Now, some in the media have said the business community doubts the wisdom of our program. Well, since I know they never write or say anything that isn't true- [laughter] —I wondered if I might ask a few questions of all of you.
Federal spending tripled in the last decade alone. Would you agree that by trying to break runway spending, by trying to control the so-called uncontrollables, that we are doing the right thing and that we should stick to it? [Applause] I should have brought those Members of Congress with me. [Laughter]
Taxes on the people doubled between 1976 and 1981 and would have increased another $300 billion between 1981 and '84 except for our tax program. Would you agree that by trying to help working families keep their heads above water and not tax them like millionaires, that we are doing the right thing and that we should stick with it? [Applause]
Our program didn't even go into effect until after the recession had started. Obviously, it couldn't have been the cause of the recession as some would have you believe. The fact is when you compare the economy now with when we took office—inflation down dramatically, averaging about 4 1/2 percent for the last 3 months; interest rates down 20 percent and headed lower; and the savings rate reversing its plunge of the last several years with even stronger incentives to save beginning in just this last January-would you agree that we are on the right road to recovery and that we should stick with it? [Applause] Thanks, I needed that. [Laughter]
We're still not where we want to be, but we're much closer than we were. But now we're asked in the name of compromise to deal away the people's tax cut even before they see it or enjoy it. Well, I believe we compromised enough when we delayed the tax cut to satisfy the Congress. If you'll remember, we originally asked that it start a year ago last January, and we had to delay it first to July and then to October to finally get the rest of the program. We cut it in half, the first installment. It was supposed to be 10 percent, and we cut it to 5. I believe that it's time for you and me and the American people to stand together and to tell the Congress, "No, you may not touch our tax cut."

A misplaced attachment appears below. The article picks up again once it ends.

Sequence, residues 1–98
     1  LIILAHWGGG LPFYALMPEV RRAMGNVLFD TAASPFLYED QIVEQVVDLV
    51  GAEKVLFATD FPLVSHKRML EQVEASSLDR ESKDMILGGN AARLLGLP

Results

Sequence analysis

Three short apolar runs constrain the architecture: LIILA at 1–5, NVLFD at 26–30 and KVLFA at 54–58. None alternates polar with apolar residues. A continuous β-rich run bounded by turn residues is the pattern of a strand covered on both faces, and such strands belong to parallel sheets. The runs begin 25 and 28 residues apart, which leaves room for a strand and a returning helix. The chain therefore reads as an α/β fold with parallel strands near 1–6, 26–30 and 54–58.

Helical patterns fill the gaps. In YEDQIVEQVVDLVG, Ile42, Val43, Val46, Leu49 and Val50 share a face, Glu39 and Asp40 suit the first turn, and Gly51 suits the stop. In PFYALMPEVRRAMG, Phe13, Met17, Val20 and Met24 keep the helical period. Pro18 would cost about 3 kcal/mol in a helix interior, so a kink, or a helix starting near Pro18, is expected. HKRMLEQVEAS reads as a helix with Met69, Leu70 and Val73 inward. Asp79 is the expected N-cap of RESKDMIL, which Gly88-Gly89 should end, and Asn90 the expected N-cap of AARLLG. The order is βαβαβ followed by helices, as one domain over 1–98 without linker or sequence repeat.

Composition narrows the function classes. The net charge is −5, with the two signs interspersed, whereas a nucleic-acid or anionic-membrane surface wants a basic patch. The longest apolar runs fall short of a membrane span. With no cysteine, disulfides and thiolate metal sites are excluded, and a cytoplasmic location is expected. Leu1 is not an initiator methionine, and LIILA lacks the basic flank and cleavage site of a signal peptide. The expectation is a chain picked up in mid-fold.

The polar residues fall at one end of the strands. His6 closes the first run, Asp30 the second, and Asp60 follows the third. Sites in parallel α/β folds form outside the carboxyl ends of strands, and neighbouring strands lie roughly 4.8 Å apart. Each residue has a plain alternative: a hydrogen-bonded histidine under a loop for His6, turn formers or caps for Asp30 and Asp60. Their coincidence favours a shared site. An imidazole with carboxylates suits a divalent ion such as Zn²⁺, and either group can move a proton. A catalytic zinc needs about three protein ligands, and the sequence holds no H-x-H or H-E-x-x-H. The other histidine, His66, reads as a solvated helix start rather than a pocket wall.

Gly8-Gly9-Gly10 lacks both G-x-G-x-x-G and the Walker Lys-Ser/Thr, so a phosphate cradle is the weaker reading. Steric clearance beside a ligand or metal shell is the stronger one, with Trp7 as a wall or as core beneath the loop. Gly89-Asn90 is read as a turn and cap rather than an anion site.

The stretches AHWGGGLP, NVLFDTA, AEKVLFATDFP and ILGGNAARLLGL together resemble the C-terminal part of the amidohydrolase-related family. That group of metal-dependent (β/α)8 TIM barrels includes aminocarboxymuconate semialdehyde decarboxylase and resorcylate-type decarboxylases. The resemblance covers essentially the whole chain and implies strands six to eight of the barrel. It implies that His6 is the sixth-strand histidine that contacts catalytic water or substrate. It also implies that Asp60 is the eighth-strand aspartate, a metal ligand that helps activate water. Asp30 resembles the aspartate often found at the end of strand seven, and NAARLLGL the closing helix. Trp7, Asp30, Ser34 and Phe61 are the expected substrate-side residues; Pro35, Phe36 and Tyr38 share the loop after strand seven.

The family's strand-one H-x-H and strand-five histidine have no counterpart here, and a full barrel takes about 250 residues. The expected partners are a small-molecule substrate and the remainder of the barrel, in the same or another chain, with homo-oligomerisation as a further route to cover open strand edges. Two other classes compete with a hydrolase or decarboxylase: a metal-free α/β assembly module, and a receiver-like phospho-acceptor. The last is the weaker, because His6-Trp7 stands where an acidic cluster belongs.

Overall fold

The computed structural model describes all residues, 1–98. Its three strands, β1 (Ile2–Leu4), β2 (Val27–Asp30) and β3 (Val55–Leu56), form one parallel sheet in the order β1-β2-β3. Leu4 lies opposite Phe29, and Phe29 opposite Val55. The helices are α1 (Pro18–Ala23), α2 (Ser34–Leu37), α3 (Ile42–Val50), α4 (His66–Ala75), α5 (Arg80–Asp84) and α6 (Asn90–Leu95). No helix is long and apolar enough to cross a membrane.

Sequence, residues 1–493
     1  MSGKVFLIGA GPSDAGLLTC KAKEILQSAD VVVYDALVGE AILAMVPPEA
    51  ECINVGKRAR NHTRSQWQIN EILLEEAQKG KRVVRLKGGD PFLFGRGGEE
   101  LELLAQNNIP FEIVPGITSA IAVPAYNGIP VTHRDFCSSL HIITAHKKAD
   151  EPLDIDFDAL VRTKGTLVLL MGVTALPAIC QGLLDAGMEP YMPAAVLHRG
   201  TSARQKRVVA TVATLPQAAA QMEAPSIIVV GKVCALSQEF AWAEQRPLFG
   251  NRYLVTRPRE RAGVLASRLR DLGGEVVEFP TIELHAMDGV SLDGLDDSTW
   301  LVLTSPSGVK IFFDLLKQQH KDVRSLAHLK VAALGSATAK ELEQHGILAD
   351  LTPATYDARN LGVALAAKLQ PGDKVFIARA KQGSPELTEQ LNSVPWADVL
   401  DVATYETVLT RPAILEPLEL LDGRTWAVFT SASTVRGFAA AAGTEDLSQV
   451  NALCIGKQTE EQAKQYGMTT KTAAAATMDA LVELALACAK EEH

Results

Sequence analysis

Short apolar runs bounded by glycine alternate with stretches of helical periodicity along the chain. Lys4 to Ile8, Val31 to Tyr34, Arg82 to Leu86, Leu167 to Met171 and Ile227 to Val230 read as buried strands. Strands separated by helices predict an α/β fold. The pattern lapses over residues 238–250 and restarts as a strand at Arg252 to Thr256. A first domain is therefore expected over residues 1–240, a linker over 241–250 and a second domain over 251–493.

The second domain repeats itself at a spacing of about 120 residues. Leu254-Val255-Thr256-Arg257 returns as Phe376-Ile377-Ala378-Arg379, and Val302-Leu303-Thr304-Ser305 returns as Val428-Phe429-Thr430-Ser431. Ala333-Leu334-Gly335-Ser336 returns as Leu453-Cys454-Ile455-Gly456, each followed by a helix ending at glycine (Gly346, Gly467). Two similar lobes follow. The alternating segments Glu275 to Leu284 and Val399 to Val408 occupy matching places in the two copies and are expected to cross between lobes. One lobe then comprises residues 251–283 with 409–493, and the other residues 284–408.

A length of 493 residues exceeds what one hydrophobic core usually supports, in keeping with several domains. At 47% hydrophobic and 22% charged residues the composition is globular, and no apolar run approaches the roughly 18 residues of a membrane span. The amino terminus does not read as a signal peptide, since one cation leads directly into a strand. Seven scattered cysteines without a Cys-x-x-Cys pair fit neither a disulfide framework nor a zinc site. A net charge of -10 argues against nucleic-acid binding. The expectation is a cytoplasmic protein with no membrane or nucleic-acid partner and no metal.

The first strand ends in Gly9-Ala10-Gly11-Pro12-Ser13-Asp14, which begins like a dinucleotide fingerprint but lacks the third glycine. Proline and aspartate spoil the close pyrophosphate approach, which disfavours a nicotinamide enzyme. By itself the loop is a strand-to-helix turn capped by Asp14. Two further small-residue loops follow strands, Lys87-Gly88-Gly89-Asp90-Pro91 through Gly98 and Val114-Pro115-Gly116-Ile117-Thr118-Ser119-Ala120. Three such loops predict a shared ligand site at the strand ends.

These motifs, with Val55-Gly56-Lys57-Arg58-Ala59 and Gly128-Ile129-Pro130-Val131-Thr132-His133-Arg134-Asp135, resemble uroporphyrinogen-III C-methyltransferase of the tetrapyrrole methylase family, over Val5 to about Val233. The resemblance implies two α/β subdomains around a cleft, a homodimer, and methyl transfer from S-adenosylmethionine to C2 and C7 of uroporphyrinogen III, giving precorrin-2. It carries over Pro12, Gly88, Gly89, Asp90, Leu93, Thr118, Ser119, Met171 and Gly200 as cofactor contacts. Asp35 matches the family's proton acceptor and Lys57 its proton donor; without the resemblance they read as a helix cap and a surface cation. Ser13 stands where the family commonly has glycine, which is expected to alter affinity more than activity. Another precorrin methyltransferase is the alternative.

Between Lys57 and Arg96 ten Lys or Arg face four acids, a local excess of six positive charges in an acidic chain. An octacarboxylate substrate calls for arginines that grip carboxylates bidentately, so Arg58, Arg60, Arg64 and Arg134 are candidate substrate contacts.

We'll bring the deficit and the interest rates down, and we'll keep them down, but only by encouraging growth and reducing government's share of the gross national product. If we resort to that moth-eaten argument of raising taxes, we'll only destroy the incentives we need to stimulate savings and give government the excuse it needs to keep spending more than it should. It didn't work in the past, and it won't work now. So, I'm putting—not putting, I should say, my faith in higher taxes. I'm keeping it where it's always been, in people like you out there beyond the Potomac and the principles that you stand and strive for. And it's you who will rebuild America.
President Calvin Coolidge, a man I greatly admire, said, "In all our economic discussions we must remember that we cannot stop with the mere acquisition of wealth. The ultimate result is not the making of money, but the making of people. Industry, thrift, and self control are not sought because they create wealth, but because they create character." Well, you've lived the meaning of those words; you understand the challenge we face. It's the power of millions like you that will make America great again. We've come so far together, let's not stop now.
And now I have the pleasure of signing this report and transmitting it to the Congress: "The State of Small Business: A Report of the President"—Monday, March 1st, 1982.
Thank God, and bless you all.
Note: The President spoke at 2:38 p.m. in the East Room at the White House to a group of small business leaders.
Ronald Reagan, Remarks at a White House Briefing on the State of Small Business Online by Gerhard Peters and John T. Woolley, The American Presidency Project https://www.presidency.ucsb.edu/node/245374